don't stop on that account, keep going

It's good we only see each other once a week.
A young man about to move in with his fiancée
died of a sudden heart attack at twenty-six.
One hears these stories all the time.
The heart is trained to handle deprivation,
not unforeseen happiness. Just as when you
throw your arms around me I start to overflow,
but then I think of course, where was she before?
I deserve it and a lot more besides—
your love gets soaked up quickly
and I pull back brooding over something
I never had.
But don't stop on that account, keep going.

I was brought up to make
the most of accidental brushes with kindness.
My pleasures were collected almost unawares
from stationary models, like the girl
who sat in front of me in tenth grade,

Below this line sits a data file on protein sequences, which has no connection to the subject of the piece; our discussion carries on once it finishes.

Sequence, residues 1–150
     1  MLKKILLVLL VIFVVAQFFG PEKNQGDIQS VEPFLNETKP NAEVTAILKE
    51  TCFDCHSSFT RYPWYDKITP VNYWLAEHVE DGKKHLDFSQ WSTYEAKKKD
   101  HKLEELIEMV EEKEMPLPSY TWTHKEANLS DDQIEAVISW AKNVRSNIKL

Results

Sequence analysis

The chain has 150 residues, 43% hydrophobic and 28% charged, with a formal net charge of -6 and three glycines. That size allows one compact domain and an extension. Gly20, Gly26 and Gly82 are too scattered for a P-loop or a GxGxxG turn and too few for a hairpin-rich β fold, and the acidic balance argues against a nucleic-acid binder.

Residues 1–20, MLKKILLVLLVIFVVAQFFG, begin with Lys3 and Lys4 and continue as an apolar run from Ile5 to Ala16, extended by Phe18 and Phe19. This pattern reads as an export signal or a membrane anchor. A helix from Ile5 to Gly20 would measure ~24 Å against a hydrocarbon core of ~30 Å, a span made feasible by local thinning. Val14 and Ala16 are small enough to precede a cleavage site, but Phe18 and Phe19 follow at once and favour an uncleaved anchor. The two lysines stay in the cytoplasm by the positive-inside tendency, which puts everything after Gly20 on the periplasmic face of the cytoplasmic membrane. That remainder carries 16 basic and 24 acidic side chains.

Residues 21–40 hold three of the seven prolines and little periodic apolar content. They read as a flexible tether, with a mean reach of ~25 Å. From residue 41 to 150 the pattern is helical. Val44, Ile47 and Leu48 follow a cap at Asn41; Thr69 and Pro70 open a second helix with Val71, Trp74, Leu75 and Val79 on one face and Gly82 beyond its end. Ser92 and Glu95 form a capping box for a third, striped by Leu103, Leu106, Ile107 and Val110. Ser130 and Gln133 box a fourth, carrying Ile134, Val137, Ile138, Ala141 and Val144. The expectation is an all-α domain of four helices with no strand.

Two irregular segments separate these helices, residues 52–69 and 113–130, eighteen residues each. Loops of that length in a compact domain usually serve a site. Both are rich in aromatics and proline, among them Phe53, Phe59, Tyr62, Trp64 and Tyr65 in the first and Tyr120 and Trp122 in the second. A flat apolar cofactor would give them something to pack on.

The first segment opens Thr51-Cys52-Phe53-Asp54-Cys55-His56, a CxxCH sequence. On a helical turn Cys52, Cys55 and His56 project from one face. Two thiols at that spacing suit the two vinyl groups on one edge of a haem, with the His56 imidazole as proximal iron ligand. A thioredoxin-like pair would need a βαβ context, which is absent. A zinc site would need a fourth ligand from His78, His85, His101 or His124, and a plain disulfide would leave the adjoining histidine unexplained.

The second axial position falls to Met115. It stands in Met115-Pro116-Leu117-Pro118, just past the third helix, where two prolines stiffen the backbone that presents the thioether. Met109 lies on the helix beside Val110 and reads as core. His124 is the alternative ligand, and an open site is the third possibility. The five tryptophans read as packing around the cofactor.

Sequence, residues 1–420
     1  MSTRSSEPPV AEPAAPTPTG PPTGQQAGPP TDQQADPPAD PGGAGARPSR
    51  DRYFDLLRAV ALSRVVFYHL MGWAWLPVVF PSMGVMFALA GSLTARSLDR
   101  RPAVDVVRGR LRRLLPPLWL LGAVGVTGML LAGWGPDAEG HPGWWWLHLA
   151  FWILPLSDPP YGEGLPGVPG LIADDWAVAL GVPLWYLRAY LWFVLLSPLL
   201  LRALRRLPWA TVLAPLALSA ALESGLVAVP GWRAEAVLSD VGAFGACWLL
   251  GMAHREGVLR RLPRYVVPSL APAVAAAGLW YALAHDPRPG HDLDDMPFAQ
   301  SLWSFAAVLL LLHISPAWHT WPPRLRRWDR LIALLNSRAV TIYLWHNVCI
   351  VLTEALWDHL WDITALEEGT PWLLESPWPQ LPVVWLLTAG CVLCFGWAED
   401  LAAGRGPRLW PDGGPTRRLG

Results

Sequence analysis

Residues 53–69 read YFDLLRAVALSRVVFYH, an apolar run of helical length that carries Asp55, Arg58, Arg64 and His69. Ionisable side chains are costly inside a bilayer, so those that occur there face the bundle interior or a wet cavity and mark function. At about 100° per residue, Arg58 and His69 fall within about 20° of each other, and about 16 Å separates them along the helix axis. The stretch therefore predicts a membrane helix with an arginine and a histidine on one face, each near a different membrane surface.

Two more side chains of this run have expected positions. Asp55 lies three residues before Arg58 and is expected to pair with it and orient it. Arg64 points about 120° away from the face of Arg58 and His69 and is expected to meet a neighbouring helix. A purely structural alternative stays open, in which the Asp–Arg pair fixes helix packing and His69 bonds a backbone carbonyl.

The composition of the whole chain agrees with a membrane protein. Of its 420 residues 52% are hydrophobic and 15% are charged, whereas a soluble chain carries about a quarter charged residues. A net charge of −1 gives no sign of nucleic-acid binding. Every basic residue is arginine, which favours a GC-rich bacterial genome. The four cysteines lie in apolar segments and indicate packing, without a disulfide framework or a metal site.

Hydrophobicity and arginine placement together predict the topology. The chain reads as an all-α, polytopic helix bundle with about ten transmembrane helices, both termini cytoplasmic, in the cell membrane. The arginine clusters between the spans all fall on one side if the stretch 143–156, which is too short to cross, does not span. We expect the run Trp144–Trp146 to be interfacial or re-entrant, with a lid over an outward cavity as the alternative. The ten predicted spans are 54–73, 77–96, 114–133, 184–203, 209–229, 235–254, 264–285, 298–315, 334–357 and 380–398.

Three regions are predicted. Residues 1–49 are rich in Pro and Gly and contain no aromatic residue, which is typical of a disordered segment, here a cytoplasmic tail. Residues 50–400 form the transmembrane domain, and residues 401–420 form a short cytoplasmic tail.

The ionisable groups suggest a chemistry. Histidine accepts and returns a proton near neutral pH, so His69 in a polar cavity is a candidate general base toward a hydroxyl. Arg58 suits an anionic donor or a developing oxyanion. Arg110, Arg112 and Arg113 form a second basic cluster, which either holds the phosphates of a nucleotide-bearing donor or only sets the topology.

who let me stroke and braid her golden hair
and never acknowledged it.
I wouldn't know what to do with frontal love;
would I? One snowy winter night in Montreal
I felt so great I danced a flamenco
and insisted that everyone call me Fernando.
But then I was by myself. And last night,
if there are many more nights
like last night with you —
when I think of all my nights of total happiness
I get the panicky sense that the balance
has already tipped,
and I will never again feel free
to pass myself off as a have-not.

Maybe it's good we only see each other once a week.
But don't stop on that account, keep going.

["It's Good We Only See Each Other Once a Week" by Phillip Lopate, from At the End of the Day, ©Marsh Hawk Press, 2010]

from, and for, Heidi

No comments:

Post a Comment